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Reversi

, 18 Mar 2008
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An implementation of the popular game Reversi, written as a project for an AI course.

Reversi_2008_03_18

Introduction

This project is an implementation of the game Reversi with a simple artificial intelligence.

Background

I had an assignment to write an artificial intelligence for the game Reversi, using the alpha-beta pruning algorithm. The assignment was a part of the AI course that I studied at the Sofia University, Faculty of Mathematics and Informatics. And here is the result.

Using the code

The project consists of several classes implementing the inner structure of the game, and several controls and forms for the user interface.

The classes, according to their functionality, are:

  • DiscColor - represents the possible colors of discs on the board: Black, White, and None – the field of the board is empty.
  • Board - implements a two-dimensional array, with each element representing a field of the game board (with a DiscColor). The class provides some methods for determining whether a player can make a move at a specified position, for making the move, and for converting the opponent disks, etc.
  • Game - provides the whole process of playing: setting the properties of the players, starting a new game, switching between players, and completion of the game. An instance of the Game class is created with an instance of the Board class (like in the real world – to play a game, you must have a board first).
  • PlayerProperties – as you can guess, this class describes the properties of each player in the game. Players for a specific game are created by the CreatePlayer1(PlayerProperties properties) and CreatePlayer2(PlayerProperties properties) methods of the Game class. The PlayerProperties class supports serialization, and properties for the two players are stored in a configuration file as described below. This allows the next game to be played with the same players' properties.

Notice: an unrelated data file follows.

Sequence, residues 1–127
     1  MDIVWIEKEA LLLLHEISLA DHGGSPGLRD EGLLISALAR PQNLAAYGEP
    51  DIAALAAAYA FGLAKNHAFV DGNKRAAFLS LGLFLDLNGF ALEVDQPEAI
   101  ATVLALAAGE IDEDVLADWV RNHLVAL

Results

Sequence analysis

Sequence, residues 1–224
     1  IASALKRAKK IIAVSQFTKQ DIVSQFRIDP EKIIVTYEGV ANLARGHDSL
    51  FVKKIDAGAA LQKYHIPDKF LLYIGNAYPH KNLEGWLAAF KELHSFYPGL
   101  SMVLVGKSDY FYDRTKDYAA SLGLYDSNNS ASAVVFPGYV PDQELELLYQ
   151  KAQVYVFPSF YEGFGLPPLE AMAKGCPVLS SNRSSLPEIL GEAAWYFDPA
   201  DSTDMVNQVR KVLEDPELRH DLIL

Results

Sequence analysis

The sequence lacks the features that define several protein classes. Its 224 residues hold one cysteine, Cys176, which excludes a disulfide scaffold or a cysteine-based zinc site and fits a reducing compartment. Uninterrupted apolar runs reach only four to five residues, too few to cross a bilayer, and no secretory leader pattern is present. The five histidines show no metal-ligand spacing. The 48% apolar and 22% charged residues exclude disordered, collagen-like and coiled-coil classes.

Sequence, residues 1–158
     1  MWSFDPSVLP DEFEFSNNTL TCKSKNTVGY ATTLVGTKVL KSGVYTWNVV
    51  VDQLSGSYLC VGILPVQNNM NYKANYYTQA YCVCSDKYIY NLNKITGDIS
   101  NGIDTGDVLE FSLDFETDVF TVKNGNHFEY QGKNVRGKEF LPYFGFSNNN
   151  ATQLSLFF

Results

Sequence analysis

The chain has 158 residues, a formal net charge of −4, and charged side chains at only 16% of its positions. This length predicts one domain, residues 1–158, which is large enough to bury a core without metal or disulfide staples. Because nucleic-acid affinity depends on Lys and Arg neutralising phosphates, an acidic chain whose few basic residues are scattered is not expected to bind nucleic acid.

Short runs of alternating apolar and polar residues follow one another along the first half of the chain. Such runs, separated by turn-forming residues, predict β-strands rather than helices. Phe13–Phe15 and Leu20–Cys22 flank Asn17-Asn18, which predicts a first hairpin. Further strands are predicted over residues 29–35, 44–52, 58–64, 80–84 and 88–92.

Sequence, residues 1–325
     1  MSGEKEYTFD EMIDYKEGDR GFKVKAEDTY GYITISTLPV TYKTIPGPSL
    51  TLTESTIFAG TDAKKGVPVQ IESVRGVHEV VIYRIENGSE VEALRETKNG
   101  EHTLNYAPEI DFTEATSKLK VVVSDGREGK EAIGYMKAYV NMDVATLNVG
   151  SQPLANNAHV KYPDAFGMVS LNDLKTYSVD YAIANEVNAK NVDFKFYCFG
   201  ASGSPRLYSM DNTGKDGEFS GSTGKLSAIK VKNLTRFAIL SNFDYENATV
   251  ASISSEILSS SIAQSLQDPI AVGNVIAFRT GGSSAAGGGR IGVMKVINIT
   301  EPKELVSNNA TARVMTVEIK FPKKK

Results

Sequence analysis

• Player – abstract class that provides the basic functionality of a player in the game. The Type property of the class indicates the player type, and the StartMove() method allows to add some functionality in the derived class that is executed when the player starts a new move.
  • HumanPlayer, ComputerPlayer – classes for the types of players available in the game for now. Inherit the Player class.
  • MoveSolver – provides the AI for a computer player.

The forms and controls are the following:

  • BoardFieldControl – represents a field of the game board. When a player can make a move on the specified field, it’s shown highlighted.
  • PlayerInfoControl – displays information about a specified player – name, type, color, disc on board.
  • BoardControl – this control provides the whole look of the game – a board, and information panes about the players and the result.
  • PlayerPropertiesControl – allows a user to choose the properties of a player at the beginning of a new game.
  • StartNewGameForm – as it is obvious, in this form, you enter the information needed to start a new game. The properties of the two players are stored in a configuration file named “PlayersInfo”, and the StartNewGameForm initializes its fields from this file on load. Respectively, it stores them back there when the “OK” button is clicked.
  • MainForm – contains one BoardControl, and calls a StartNewGameForm when loaded.

Process of playing the game

  1. A new instance of the Game class is created, using an instance of the Board class;
  2. The two players are created using the CreatePlayer1() and CreatePlayer2() methods of the Game instance;
  3. The new game is started by the Start() method of the Game instance.
  4. Player1 takes turn.
  5. The StartMove() method of Player1 is called. The move ends when an element of the Board property of the game is set using the SetFieldColor() method.
  6. If Player2 can move, Player2 takes turn. The same actions for Player2 are made, as for Player1 at the previous step.